Watch these Super Bowl video's. They remind those that friends and family are waiting, some never make it home. So plan ahead and remember if you drink, please don't drive!
If you are around someone who has lost a loved one, just out of a relationship and feeling down, do them a favor and drink non-alcoholic beverages with them. Alcohol is a depressant and will make them feel worse after. Be a true friend.
Super Bowl plans never include loss of life, trauma or jail time. Unfortunately Super Bowl Sunday holds the title for the most DUI related deaths.
On Super Bowl Sunday, DUI crashes increase by 41% and DUI related crash deaths are 75% higher than any other Sunday in January and February. Super Bowl Sunday has more DUI deaths compared to New Year's Ever, 4th of July and Cinco De Mayo.
DUI crashes are 100% preventable. Game goers and fans can however enjoy the game by planning ahead, drinking responsibly and if you drink, don't drive. Here are a few tips to help:
Pro Consumer Safety wishes you an enjoyable and safe game!
This video offers an excellent learning opportunity to teach parents about factors that influence their child's self-esteem and image. As a parent we want the best for our child. Unfortunately sometimes a parent might not be happy with how they look, like their hair for example. Such behaviors are modeled to children and teens. Unfortunately the child or teen learns from the parent and can have a negative affect on the child or teen's self-esteem.
Everyone should first be happy with the way they look. For girls in particular are often bombarded by media with super-thin models, the use of make-up and related beauty products to change how they look and they begin to compare and feel insecure about themselves. This can have a major negative affect on girls when exposed to such powerful messages affecting their self-esteem and image.
This video, about children not liking their curly hair makes an excellent point. Parents and adults in the child or teen's life can have significant influence in helping to improve their child's self-esteem and image in how they look and feel about themselves. Loving how one looks is a step to improving one's self-esteem. Once the parent learns to love how they look naturally, you will be surprised what positive influence this will have on your child or teen's self-esteem. It is more important to love who you and how you look, and be happy with yourself, than try to change yourself to someone who you are not. Learn to love how beautiful you look. It will have a major influence to improving your child's self-esteem and self-image. Your child will also become more confident in themselves so they can focus on life learning activities and opportunities such as those in The Parent's Pyramid. Show your child how beautiful you are naturally, today.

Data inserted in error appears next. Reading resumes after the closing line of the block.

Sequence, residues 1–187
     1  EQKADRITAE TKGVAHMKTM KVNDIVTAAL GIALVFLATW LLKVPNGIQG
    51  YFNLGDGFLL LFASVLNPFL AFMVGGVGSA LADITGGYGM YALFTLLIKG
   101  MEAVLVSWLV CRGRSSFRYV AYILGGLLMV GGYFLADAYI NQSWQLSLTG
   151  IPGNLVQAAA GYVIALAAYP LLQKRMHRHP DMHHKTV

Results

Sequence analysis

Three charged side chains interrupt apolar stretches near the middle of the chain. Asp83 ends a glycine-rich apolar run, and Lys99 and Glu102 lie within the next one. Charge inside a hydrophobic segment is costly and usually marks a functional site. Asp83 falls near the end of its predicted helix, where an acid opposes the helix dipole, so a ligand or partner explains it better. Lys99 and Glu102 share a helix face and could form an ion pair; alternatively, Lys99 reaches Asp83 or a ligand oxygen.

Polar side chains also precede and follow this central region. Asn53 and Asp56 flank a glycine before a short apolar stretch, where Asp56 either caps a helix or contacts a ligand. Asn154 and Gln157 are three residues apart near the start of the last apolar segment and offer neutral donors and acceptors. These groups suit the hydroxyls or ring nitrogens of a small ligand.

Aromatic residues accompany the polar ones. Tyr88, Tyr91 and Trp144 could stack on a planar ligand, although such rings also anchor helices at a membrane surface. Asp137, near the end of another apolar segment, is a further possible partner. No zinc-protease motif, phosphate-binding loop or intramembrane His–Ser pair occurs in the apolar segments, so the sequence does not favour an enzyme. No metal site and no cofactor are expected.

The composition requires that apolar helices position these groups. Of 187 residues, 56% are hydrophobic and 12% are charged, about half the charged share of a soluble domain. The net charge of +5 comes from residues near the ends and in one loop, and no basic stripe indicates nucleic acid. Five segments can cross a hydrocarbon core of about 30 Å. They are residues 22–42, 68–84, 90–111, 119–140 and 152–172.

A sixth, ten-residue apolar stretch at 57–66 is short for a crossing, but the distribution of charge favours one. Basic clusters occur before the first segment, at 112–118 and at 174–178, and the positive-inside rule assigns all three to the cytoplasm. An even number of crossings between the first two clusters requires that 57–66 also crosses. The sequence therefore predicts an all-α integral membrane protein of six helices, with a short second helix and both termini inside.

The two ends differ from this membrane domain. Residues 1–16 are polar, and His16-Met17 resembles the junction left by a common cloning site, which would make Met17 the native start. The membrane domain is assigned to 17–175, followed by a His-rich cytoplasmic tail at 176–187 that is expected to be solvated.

Parents are beginning to understand, but many still need to be reminded. It is all too often that some parents advance infants and toddlers from rear-facing to forward-facing too soon, increasing the child's risk of c-spine (neck) and traumatic brain injury (TBI). Some also parents become confused between the law and recommendations from parents who had infants and toddlers several years back when car seats were not used like they can be today.
Some car seats are now designed for rear-facing for children up to around 43 inches or 50 pounds. This is great news because children can now be seated in a rear-facing to three to even five years of age, depending on the height and weight of the seat and child. Therefore giving the child more support and protection during a collision. When I provide consultation to parents and make them aware of the increased height and weight in many rear-facing restraint systems, they often are surprised that their child can ride rear-facing to about kindergarten age, depending on the height and weight maximum and the child. While parents have specific milestones for infants and toddlers, when it comes to car seat seating positions, the new milestone is to be rear-facing (birth to 3-5 years) from birth to on average about kindergarten age (depending on the maximum weight and height of the car seat and child). Followed by forward-facing (3-5 to 6-7 years) school-aged, booster seats (6-7 to 10-12 years), then to seat belt use, after they pass the seat belt test, usually between 10-12 years of age.
Parents remember to check your child's car seat height and weight maximum to know how long your child can remain in the seat. Remember keeping them in each stage longer gives them more protection, keeping them safest during a car crash.